Last Updated Dec 4, 2008 2:41 PM EST
- In order to extend the maturity dates of our indebtedness, lower our cost of debt and improve our financial flexibility, we use our available liquidity and seek new sources of liquidity to refinance and repurchase our outstanding indebtedness.
During the nine-months ended September 30, the company raised an additional $325 million of term loan commitments, with the proceeds used to repay -- and extend the maturity dates -- of a similar amount of indebtedness.
As of September 30, American ended the quarter with substantial room under its covenant restrictions: (i) leverage equal to 3.9 times annualized adjusted EBITDA, below debt maintenance covenants of six times adjusted EBITDA; (ii) debt service coverage of approximately 4.3 times, above the required EBITDA/Interest coverage of 2.5 times.
American Tower's financial position remains solid relative to its publicly traded peers, with Crown Castle Int'l and SBA Communications sporting total debt 1.8 times equity and 7.0 times equity. In addition, the comparable, weighted average term of debt for American Towers, Crown Castle, and SBA was 5.2 years, 2.6 years, and 3.1 years, respectively, at September 30.
American Tower has approximately $600 million of liquidity and no material maturities until 2012. In the unlikely event that credit markets were to remain dislocated over the time period until these maturities occur in 2012, management believes that its operations would generate sufficient internal cash from operations to pay off the approximate $2 billion in 2012 maturities.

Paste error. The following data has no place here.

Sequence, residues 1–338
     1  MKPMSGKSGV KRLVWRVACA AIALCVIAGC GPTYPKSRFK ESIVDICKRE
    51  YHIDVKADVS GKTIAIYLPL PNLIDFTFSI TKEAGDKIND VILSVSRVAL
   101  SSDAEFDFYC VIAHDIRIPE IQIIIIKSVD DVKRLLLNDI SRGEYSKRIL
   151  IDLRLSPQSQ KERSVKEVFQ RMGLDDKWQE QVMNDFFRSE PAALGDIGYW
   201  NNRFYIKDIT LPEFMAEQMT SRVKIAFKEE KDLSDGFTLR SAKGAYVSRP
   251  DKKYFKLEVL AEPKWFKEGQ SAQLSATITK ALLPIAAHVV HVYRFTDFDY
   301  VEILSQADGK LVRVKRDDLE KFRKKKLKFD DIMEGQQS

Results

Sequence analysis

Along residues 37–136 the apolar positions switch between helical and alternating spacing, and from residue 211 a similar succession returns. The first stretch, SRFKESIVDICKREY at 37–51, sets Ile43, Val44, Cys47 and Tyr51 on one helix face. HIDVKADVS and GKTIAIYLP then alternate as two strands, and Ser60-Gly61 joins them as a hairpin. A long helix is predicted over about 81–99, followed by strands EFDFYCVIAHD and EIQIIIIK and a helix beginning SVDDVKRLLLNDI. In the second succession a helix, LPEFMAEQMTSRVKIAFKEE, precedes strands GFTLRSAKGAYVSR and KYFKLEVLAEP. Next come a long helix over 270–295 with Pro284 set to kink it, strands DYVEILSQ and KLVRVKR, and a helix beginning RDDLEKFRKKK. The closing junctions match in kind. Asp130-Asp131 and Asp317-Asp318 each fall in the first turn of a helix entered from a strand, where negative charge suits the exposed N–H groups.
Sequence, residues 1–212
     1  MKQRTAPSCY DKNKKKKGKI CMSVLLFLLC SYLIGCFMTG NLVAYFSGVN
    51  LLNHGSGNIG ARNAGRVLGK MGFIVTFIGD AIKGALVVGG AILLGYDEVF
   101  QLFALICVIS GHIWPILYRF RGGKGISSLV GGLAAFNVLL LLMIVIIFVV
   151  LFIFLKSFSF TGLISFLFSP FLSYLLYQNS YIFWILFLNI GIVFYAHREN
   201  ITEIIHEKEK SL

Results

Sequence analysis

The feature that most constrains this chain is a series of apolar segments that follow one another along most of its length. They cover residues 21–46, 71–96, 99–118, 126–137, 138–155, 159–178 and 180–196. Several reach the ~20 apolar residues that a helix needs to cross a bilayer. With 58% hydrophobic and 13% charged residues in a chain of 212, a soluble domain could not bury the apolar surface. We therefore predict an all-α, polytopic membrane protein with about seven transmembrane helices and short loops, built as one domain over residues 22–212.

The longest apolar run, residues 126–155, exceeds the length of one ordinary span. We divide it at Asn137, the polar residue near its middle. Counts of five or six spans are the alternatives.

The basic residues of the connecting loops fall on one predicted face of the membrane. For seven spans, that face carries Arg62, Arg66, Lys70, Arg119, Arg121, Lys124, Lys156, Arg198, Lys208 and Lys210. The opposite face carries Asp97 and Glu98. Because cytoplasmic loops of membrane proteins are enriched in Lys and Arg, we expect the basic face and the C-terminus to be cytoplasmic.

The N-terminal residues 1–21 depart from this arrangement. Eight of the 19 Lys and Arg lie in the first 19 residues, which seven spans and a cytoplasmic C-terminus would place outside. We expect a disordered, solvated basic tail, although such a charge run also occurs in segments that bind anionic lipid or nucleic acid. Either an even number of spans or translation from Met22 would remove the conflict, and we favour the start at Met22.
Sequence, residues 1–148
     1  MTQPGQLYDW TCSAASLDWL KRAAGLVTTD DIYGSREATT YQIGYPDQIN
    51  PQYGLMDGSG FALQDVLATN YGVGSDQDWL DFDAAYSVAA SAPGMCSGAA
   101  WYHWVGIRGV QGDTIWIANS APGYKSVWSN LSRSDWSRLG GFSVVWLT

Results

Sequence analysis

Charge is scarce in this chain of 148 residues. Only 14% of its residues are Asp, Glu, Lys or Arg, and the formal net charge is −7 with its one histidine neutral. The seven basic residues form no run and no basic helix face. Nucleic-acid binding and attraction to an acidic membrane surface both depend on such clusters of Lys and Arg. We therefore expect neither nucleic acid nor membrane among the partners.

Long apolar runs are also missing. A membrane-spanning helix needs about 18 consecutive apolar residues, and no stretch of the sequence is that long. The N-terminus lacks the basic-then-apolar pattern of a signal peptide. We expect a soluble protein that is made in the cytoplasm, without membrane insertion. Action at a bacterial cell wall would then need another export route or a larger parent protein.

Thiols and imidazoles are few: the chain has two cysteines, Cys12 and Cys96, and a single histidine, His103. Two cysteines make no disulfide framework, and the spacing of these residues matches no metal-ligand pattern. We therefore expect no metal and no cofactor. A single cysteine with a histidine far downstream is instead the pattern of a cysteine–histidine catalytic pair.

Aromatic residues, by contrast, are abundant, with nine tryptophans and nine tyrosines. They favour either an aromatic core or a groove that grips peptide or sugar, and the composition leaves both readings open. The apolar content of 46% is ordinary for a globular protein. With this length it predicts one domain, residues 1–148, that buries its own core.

The company's tower leasing business, however, depends on a handful of wireless carriers, with 65 percent of revenue derived from the top five U.S. Carriers, including AT&T (21 percent), Sprint Nextel (20 percent), and Verizon Wireless (11 percent).
Taiclet remains optimistic about growth prospects for 2009, telling analysts on the third-quarter 2008 earnings call that AT&T and Verizon continue to experience substantial revenue growth from bandwidth hungry customers. "Wireless services has become a necessity rather than a luxury," said Taiclet. "Even in difficult economic times wireless subscribers and usage should continue to grow."
In spite of the turbulence in the broader economy and credit markets, Taiclet opined that that wireless end-users -- the consumers -- typically do not need financing to pay their monthly bill or even to purchase handsets. Therefore, unlike buyers of automobiles, housing or other big-ticket items the wireless industry's customer base should be able for the most part to continue to afford wireless service. As rates for data services continue to come down, more and more people should find 3-G an affordable option, too.
Long-term non-cancelable revenue contracts totaled $9.2 billion at September 30. And, about 65 percent of tower revenue contracts are not up for renewal until 2013.
American Tower, supported by stable and growing operations, expects to generate cash flow from operations in 2009 on the order of $865 million -- leaving excess cash to fund international tower expansion plans in India.